Professor Mark McGurk speaks to News-Medical about his groundbreaking research that has led to the discovery of a world-first treatment for oral cancer.
What inspired your research into head and neck cancer?
I have been working on head and neck cancer for 30-40 years and one of the things that has driven me is to try and reduce the magnitude of surgeries. You can imagine how destructive treatment can be to mouths, jaws, and the face.
Small blemishes that can be easily hidden on, for example, the bowel or belly have a huge impact on patient form and function when in the face. I have been slowly moving away from major surgeries and instead of looking for minimally invasive surgeries that produce the same, if not better outcomes.
We have developed several different techniques to minimize the magnitude of surgery, we have introduced Sentinel Node Biopsy(SNB) to the UK, we now have methods of stopping jaws from being removed for odontogenic tumors and this particular treatment is a huge advancement in treatment for salivary glands.
I have had a real interest in salivary glands and two or three things have come together in the last year to create this new treatment. I have a brilliant radiologist called Simon Morley who has found a way of tracing the facial nerve, and by putting this together with some new technology we have been able to make a huge breakthrough.
Scan for Head and Neck Cancer. Image Credit: Mark_Kostich/Shutterstock.com
Your latest research investigated salivary gland tumors. Why do over three-quarters of salivary gland tumors start in the parotid gland?
The parotid gland is the biggest salivary gland, so this is purely a reflection of size. The more glandular tissue in an area the more chance there is of something going wrong.
Why is surgery difficult when faced with these types of tumors?
Surgery is difficult because the parotid gland sits on the side of your face and the facial nerve comes out from deep in your skull and passes through the gland before breaking into smaller branches to cover the face. This is a small nerve; the main trunk of the nerve is only about 1mm in diameter.
However, it is vital to controlling your face, which allows you to convey emotion. Therefore, damage to this nerve has a great impact on a person’s form and function. Historically, this has become a dominant-negative effect from head and neck cancer treatment. Because it runs through the gland, it is easy to hit and damage the nerve during surgery.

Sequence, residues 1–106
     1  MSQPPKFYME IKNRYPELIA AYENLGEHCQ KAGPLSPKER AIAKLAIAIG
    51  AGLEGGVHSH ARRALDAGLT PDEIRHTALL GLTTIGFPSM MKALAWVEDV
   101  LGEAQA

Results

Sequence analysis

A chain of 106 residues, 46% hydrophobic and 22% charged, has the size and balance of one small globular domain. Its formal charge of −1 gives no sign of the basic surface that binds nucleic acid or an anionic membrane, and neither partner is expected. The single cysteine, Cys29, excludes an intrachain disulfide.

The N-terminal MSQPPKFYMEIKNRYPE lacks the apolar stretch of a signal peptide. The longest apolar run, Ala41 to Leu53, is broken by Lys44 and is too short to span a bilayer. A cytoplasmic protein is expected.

The traditional approach was very maximal, it required surgeons to open up the face and locate the nerve during surgery. Surgeons have to carefully lift the tissue above the gland to access the top of the gland. Most of the gland is found above the nerve, meaning that the majority of tumors are located in the top section.
When the tumor is located in the top section, this is called a superficial parotidectomy. If the tumor is below the nerve, the surgeon will have to carefully tease the nerve off of the gland this is called a total parotidectomy with preservation of the nerve. As you can imagine, these operations have a high risk of damage. A total parotidectomy carries a 60% incidence of temporary nerve injury and a 4-6% incidence of permanent damage. Superficial parotidectomies carry a 30% rate of temporary damage and a 1% rate of permanent damage.
This operation is specifically difficult as you don’t know where the nerve is or what the tumor has done to the nerve, making surgeons more or less blind when going in. This technique has stood the test of time, it was introduced in the 1940’s/50’s. Surgery has now moved on but has left parotid surgery behind.
Can you describe your research that has led to the groundbreaking new procedure for salivary gland tumors? How does this procedure work?
There have been developments in MRI scanning, the machines essentially use much bigger magnets now which allow the scans to produce more detail, with each layer being less than a millimeter apart. This allows us to now find the tiny nerves that come out of the skull base, these can be followed through the gland, though still difficult. Our radiologist picked up on this quicker than most and began to draw diagrams of this.
The initial diagrams were hard to understand and did not represent the 3d dimensions. It just so happened that I was working with the Microsoft HoloLens, which produces augmented reality holograms, for other purposes. We looked into whether we can take the information from the MRI scan, along with Simon’s tracings of the nerve, and turn these into holograms.
We are currently the only team in the world who can do this, although we have been trying very hard to export this to a number of units in the far east, USA, and throughout Europe.